Apply security and kernel updates to Linux nodes in Azure Kubernetes Service (AKS)
To protect your clusters, security updates are automatically applied to Linux nodes in AKS. These updates include OS security fixes or kernel updates. Some of these updates require a node reboot to complete the process. AKS doesn't automatically reboot these Linux nodes to complete the update process.
The process to keep Windows Server nodes (currently in preview in AKS) up to date is a little different. Windows Server nodes don't receive daily updates. Instead, you perform an AKS upgrade that deploys new nodes with the latest base Window Server image and patches. For AKS clusters that use Windows Server nodes, see Upgrade a node pool in AKS.
This article shows you how to use the open-source kured (KUbernetes REboot Daemon) to watch for Linux nodes that require a reboot, then automatically handle the rescheduling of running pods and node reboot process.
Kured is an open-source project by Weaveworks. Support for this project in AKS is provided on a best-effort basis. Additional support can be found in the #weave-community slack channel.
Before you begin
You also need the Azure CLI version 2.0.59 or later installed and configured. Run
az --version to find the version. If you need to install or upgrade, see Install Azure CLI.
Understand the AKS node update experience
In an AKS cluster, your Kubernetes nodes run as Azure virtual machines (VMs). These Linux-based VMs use an Ubuntu image, with the OS configured to automatically check for updates every night. If security or kernel updates are available, they are automatically downloaded and installed.
Some security updates, such as kernel updates, require a node reboot to finalize the process. A Linux node that requires a reboot creates a file named /var/run/reboot-required. This reboot process doesn't happen automatically.
You can use your own workflows and processes to handle node reboots, or use
kured to orchestrate the process. With
kured, a DaemonSet is deployed that runs a pod on each Linux node in the cluster. These pods in the DaemonSet watch for existence of the /var/run/reboot-required file, and then initiates a process to reboot the nodes.
There is an additional process in AKS that lets you upgrade a cluster. An upgrade is typically to move to a newer version of Kubernetes, not just apply node security updates. An AKS upgrade performs the following actions:
- A new node is deployed with the latest security updates and Kubernetes version applied.
- An old node is cordoned and drained.
- Pods are scheduled on the new node.
- The old node is deleted.
You can't remain on the same Kubernetes version during an upgrade event. You must specify a newer version of Kubernetes. To upgrade to the latest version of Kubernetes, you can upgrade your AKS cluster.
Deploy kured in an AKS cluster
To deploy the
kured DaemonSet, apply the following sample YAML manifest from their GitHub project page. This manifest creates a role and cluster role, bindings, and a service account, then deploys the DaemonSet using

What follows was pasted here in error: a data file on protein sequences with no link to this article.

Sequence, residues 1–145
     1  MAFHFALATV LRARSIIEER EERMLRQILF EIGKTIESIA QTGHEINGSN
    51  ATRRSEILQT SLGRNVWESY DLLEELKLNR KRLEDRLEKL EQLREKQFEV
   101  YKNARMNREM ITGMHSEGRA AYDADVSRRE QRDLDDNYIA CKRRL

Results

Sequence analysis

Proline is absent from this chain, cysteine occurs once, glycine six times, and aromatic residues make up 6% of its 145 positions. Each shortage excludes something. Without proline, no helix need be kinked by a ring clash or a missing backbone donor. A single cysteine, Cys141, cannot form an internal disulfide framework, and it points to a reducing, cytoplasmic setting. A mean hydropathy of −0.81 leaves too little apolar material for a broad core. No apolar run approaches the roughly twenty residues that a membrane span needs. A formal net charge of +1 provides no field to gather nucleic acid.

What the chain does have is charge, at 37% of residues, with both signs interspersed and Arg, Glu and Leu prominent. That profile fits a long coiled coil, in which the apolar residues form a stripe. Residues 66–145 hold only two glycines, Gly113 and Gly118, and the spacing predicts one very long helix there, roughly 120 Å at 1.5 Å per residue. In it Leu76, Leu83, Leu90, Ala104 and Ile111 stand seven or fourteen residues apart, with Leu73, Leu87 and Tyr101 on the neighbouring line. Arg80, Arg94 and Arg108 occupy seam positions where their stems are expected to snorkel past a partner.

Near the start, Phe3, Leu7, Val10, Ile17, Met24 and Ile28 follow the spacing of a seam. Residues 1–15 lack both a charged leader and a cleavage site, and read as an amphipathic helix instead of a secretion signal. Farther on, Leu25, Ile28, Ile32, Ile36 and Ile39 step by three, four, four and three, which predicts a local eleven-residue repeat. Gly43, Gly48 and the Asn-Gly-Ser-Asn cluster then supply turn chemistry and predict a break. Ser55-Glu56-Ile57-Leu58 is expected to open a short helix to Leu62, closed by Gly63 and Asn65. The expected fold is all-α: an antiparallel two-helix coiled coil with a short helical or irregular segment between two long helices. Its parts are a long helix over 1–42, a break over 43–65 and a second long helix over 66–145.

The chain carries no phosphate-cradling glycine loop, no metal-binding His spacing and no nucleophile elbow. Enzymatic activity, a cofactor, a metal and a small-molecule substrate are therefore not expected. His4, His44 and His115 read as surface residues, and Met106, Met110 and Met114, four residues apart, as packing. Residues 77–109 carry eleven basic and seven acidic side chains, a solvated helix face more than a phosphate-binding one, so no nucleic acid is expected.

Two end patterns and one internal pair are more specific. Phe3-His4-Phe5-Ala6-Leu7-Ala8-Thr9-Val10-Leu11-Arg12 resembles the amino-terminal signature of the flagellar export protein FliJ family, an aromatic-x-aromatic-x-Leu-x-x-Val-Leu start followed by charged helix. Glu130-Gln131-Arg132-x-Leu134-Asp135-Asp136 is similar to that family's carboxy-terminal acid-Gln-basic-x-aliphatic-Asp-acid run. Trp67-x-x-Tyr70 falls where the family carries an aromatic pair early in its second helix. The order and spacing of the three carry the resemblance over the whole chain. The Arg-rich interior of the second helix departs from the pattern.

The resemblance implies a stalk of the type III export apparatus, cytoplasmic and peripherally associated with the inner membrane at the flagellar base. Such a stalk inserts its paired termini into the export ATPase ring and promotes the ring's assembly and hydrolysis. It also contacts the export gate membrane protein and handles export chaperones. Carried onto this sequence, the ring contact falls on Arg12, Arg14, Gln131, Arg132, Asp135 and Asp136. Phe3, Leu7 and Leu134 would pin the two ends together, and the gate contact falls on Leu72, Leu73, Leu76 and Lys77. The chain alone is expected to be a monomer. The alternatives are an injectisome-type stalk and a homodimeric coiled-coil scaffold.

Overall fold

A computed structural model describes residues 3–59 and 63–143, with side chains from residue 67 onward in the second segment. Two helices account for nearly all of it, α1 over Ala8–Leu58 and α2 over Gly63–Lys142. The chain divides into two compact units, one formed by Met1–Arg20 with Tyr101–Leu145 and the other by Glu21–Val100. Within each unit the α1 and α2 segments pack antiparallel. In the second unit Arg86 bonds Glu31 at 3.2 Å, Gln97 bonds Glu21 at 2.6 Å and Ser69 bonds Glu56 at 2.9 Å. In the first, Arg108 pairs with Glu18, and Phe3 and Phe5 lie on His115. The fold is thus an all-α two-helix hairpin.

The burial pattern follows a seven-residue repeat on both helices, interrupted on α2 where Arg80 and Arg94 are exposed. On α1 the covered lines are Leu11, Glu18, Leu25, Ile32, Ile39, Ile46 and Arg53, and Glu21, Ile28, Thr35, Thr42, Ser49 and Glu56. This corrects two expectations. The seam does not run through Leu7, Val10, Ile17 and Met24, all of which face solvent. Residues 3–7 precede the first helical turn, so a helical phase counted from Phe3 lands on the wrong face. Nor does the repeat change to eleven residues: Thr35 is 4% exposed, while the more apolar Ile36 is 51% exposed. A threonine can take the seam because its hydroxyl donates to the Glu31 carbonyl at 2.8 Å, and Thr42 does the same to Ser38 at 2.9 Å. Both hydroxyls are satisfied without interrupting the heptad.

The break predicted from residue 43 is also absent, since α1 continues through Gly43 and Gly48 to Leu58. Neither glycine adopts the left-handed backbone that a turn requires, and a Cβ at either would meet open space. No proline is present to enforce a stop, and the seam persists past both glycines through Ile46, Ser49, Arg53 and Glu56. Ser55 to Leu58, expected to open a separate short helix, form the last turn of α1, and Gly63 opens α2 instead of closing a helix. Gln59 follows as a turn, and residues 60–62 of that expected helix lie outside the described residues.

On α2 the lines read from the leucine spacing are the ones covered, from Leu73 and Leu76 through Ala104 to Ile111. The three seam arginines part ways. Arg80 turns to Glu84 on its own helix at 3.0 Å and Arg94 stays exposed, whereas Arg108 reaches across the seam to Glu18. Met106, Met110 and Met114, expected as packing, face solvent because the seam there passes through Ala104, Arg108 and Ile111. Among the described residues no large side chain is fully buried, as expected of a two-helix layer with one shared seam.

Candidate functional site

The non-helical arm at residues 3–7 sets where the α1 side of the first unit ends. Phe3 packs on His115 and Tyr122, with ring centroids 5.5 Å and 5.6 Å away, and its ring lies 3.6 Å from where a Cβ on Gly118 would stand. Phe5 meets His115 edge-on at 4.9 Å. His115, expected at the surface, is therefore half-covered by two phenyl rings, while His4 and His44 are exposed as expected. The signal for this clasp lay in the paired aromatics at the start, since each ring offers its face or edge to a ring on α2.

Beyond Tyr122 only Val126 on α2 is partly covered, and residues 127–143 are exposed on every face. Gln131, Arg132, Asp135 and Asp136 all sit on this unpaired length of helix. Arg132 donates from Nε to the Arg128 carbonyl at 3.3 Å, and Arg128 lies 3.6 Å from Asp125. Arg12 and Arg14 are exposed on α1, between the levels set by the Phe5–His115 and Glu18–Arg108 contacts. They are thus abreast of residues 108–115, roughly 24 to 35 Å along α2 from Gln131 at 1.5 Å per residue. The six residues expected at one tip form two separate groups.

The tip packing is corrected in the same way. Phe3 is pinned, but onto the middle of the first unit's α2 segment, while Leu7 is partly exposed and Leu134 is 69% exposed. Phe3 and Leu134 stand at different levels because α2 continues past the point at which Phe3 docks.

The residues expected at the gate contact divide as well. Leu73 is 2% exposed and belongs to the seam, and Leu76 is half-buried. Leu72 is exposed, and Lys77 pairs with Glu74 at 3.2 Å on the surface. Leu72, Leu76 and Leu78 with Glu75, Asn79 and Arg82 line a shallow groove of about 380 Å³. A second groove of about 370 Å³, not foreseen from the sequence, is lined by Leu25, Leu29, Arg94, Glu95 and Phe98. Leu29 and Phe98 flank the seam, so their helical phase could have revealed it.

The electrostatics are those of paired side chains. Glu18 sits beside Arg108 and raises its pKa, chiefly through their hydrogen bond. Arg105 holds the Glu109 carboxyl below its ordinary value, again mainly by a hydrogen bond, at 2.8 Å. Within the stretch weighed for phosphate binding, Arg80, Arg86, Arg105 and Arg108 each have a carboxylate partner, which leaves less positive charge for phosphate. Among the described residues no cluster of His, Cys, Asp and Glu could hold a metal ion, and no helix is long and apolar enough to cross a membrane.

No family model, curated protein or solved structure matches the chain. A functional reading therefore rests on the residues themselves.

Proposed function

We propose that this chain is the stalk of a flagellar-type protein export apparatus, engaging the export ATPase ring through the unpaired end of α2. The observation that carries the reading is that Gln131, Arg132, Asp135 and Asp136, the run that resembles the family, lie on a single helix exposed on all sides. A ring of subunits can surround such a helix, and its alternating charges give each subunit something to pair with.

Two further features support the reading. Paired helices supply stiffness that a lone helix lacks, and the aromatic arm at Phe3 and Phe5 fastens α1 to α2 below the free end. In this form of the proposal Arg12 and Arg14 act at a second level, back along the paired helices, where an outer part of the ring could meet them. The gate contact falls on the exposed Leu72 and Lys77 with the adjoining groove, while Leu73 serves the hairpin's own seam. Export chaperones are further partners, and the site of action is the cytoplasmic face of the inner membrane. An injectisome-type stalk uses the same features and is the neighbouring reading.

kured version 1.1.0 that supports AKS clusters 1.9 or later.
kubectl apply -f https://github.com/weaveworks/kured/releases/download/1.2.0/kured-1.2.0-dockerhub.yaml
You can also configure additional parameters for
kured, such as integration with Prometheus or Slack. For more information about additional configuration parameters, see the kured installation docs.
Update cluster nodes
By default, Linux nodes in AKS check for updates every evening. If you don't want to wait, you can manually perform an update to check that
kured runs correctly. First, follow the steps to SSH to one of your AKS nodes. Once you have an SSH connection to the Linux node, check for updates and apply them as follows:
sudo apt-get update && sudo apt-get upgrade -y
If updates were applied that require a node reboot, a file is written to /var/run/reboot-required.
Kured checks for nodes that require a reboot every 60 minutes by default.
Monitor and review reboot process
When one of the replicas in the DaemonSet has detected that a node reboot is required, a lock is placed on the node through the Kubernetes API. This lock prevents additional pods being scheduled on the node. The lock also indicates that only one node should be rebooted at a time. With the node cordoned off, running pods are drained from the node, and the node is rebooted.
You can monitor the status of the nodes using the kubectl get nodes command. The following example output shows a node with a status of SchedulingDisabled as the node prepares for the reboot process:
NAME STATUS ROLES AGE VERSION aks-nodepool1-28993262-0 Ready,SchedulingDisabled agent 1h v1.11.7
Once the update process is complete, you can view the status of the nodes using the kubectl get nodes command with the
--output wide parameter. This additional output lets you see a difference in KERNEL-VERSION of the underlying nodes, as shown in the following example output. The aks-nodepool1-28993262-0 was updated in a previous step and shows kernel version 4.15.0-1039-azure. The node aks-nodepool1-28993262-1 that hasn't been updated shows kernel version 4.15.0-1037-azure.
NAME STATUS ROLES AGE VERSION INTERNAL-IP EXTERNAL-IP OS-IMAGE KERNEL-VERSION CONTAINER-RUNTIME aks-nodepool1-28993262-0 Ready agent 1h v1.11.7 10.240.0.4 <none> Ubuntu 16.04.6 LTS 4.15.0-1039-azure docker://3.0.4 aks-nodepool1-28993262-1 Ready agent 1h v1.11.7 10.240.0.5 <none> Ubuntu 16.04.6 LTS 4.15.0-1037-azure docker://3.0.4
This article detailed how to use
kured to reboot Linux nodes automatically as part of the security update process. To upgrade to the latest version of Kubernetes, you can upgrade your AKS cluster.
For AKS clusters that use Windows Server nodes, see Upgrade a node pool in AKS.